I watched Matrubhoomi last night. Half-way I decided not to. Five seconds later, I decided to plod on. Every fifteen minutes I had an overwhelming urge to vomit. Or scrub my skin raw in scalding water. Or wash my eyes to remove traces of all that I had seen. I was enveloped with a sort of revulsion that I will be trying to shake off for a long time to come.
The movie begins with a man drowning a new born baby girl in a cauldron of milk. It then takes us down a few years when there are no women left in India because of the tradition of female foeticide.
One woman, however, is discovered by a village priest. Her name is Kalki (it is quite telling that we hear her name only once in the film - from her father). She is married off to five brothers for five lakh rupees and five cows. On the first night, the eldest son takes a calendar to mark out the dates each of the husbands will spend with her. Now, because there are 5 brothers and 7 days in a week, two days remain to be accounted for. Their father takes over - being the head of the family, etc. In fact, he spends the first night with her.
So, in rotation, she spends her nights with the six men. One of her husbands likes to dress up in shiny ghagra cholis and smear a fake moustache on her before he has sex. Some kind of kinky reversal role-play. Another one has committed several acts of bestiality with cows after watching porn films. His copulation behavior with her is much the same. However, one of the other brothers (Sushant Singh) falls in love with her. She reciprocates to the tenderness.
On the days that Sushant Singh is allowed to be with her, he reads to her, they talk, they laugh. At night, she responds to him the way she doesn’t to the others. The father and the other brothers peep and watch them getting close. They get jealous and kill Sushant Singh.
Some time in the film, Kalki writes to her father and tells him of her father-in-law having sex with her. Her father comes and collects the additional one lakh rupees and leaves. Kalki is then beaten up by the brothers who tell her that her father is a pimp.
One day, she decides to run away. A servant boy helps her to escape. The brothers hunt them down, shoot the boy, and take Kalki back. Now, because she has become impure on account of running away with a person from the lower caste, she must be punished. So she is shackled and kept with the cows in the shed.
In the meantime, the murdered servant’s brother wants revenge from the higher caste murderers. And there is no better revenge than ravaging the honour of the family, who is lying in the shed among cows and dung.
Later, Kalki gets pregnant. One doesn’t know who the father is, but because the father-in-law had spent the first night with her, he claims that that the baby is his.
News of pregnancy has spread throughout the village. Elsewhere, the lower-caste revenger claims paternity of the baby. So he sets off to get his ‘dulhan’ home.
The higher castes will have none of it. What follows is a bloodbath where all the men are killed (save for another servant boy who has taken care of Kalki during her pregnancy.)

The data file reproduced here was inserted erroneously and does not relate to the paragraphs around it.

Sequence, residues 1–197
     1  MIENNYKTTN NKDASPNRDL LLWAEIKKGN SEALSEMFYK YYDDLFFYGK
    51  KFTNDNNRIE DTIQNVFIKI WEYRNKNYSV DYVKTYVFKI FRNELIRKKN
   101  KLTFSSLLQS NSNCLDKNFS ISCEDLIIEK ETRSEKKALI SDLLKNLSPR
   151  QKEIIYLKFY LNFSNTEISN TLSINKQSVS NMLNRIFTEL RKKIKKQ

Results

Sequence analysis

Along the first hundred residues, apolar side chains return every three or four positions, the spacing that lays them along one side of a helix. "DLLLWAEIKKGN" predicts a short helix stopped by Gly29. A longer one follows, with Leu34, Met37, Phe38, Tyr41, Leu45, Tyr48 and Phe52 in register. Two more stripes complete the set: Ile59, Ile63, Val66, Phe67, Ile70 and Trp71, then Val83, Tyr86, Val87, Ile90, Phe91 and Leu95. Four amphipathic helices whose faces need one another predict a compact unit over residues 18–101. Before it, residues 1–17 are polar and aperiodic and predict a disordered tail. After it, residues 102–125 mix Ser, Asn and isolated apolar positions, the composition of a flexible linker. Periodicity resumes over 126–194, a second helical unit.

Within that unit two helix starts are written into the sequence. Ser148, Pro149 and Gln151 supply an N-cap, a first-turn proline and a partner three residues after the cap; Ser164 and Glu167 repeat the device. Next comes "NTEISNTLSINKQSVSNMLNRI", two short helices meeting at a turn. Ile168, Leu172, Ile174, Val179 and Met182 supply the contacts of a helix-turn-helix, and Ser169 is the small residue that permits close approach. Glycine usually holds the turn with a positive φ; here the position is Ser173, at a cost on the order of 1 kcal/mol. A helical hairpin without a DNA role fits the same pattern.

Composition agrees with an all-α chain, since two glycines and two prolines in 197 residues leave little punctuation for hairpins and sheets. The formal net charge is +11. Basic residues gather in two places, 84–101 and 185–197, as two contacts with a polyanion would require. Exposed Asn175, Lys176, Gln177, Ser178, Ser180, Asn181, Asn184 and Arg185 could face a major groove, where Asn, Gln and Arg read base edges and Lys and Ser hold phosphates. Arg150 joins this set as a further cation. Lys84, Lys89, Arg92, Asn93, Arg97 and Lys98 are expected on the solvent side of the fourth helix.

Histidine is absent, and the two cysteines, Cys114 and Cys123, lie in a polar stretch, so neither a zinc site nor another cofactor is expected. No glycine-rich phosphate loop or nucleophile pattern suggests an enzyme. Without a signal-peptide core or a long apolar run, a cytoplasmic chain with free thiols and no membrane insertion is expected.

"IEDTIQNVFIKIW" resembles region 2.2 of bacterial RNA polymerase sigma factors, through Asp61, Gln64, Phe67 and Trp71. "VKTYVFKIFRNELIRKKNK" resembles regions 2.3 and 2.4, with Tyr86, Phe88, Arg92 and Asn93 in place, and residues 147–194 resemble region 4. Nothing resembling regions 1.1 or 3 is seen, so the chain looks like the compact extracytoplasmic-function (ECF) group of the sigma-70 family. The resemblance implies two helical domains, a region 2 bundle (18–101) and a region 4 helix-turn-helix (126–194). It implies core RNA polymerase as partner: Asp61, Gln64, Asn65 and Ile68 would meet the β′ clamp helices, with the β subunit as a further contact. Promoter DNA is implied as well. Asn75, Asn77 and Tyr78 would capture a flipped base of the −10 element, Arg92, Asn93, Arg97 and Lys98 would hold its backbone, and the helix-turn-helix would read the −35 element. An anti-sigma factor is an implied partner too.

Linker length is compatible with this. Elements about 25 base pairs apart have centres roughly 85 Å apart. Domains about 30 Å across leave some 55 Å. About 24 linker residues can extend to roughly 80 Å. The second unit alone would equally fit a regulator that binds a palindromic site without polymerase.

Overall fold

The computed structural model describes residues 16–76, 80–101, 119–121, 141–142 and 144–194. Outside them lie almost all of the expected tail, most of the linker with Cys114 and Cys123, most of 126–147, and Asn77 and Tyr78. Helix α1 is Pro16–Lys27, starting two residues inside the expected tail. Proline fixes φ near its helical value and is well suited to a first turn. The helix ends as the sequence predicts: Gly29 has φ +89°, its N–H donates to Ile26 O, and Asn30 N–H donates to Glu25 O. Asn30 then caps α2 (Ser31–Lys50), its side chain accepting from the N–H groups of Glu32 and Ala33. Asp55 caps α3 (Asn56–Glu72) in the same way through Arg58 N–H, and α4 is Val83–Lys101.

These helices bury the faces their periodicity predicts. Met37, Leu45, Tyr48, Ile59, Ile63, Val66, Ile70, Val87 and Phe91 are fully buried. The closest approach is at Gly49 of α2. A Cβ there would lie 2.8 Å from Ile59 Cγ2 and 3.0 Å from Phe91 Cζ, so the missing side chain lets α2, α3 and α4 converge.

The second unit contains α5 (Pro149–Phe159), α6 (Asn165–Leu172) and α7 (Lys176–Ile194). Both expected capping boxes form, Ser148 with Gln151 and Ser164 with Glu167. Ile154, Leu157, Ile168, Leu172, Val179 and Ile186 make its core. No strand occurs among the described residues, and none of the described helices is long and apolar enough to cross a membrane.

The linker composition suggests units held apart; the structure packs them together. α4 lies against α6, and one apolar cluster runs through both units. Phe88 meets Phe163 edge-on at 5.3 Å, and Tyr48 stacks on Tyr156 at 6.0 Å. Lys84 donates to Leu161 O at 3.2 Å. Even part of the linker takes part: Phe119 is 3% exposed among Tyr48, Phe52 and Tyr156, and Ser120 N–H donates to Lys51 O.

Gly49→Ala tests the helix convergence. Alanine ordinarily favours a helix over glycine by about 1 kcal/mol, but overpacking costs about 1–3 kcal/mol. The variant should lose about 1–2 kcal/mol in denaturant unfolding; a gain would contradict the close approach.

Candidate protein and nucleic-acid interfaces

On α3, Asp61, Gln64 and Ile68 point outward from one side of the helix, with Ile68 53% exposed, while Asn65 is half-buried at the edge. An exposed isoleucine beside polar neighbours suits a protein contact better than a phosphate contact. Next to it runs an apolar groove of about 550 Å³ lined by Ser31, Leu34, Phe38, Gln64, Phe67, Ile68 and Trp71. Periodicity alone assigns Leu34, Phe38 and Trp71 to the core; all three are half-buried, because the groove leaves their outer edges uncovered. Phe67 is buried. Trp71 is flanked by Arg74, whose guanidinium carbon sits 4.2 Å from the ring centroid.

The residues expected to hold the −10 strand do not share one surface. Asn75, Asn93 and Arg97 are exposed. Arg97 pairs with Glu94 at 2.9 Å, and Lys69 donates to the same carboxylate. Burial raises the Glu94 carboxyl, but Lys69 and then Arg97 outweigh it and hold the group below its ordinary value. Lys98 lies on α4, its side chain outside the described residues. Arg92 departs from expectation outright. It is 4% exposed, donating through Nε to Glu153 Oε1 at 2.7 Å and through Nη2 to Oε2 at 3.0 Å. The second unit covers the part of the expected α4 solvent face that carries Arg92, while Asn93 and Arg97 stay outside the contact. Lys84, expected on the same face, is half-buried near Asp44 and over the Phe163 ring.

The movie ends with an exhausted Kalki looking down at a beautiful, bawling baby. It’s a girl.
Now, I generally don’t measure a movie’s impact by punishing viewership. I react very badly to scenes of sexual assault. Instinctively, I get my legs closer together, close my eyes, wring my hands, and wish that it would all go away. From the movie, from this world. But this movie pushed me to the rims of squeamishness. I was subconsciously pushing my husband’s hand away every time some-one on the screen exploited Kalki.
I don’t know whether Matrubhoomi was a good movie or not. The music and the cinematography are impeccable. There are scenes of Kalki (who looks like a pretty, young bloom) in bright yellow cotton sari and a pink blouse. She looks so fragile and innocent. Then, when the idea of it is soiled so brutally time after time...it’s nauseating. There is a very sharp break in the visual syntax that I still can’t reconcile with. I can, however, acknowledge that if flinches and grimaces are benchmarks for influential cinema, then the point was very well made.
But what has twisted my mind is how I reacted to the end, when I saw the baby. The baby, in the movie, is the product of severe, inhuman exploitation. Her mother has been traumatized in so many soul-crushing ways. She, however, never once contemplates suicide. Even when she is pregnant and in bondage, she tenderly moves her hand on the swollen belly - before the men come and rape her.
Throughout the film, I kept thinking about this little bit of ...life; it’s coming into this world that just mutilated whatever essence it stood for...and yet..when one is done is scourging through muck and filth, there is such hope and relief in seeing a baby.
As if the baby comes with a message that as long as there is the possibility of me, things will be okay. As long as life gets cultivated in someone’s body, even one that goes through starvation and horrors, as long as it survives.....as long as that happens, peace can be salvaged.
That is what a baby has come to mean. A little soul, that needs to be cultivated and taken care of, is our license to redemption. It is a sharp stirring of our comatose conscience. It’s coaxes a visceral prayer for the kindness out there.
That is the pressure on a baby. We ruined this world for you, child. Please take care of us.
Gibran said that children were life’s longing for itself.
It’s such a thorny crown to wear.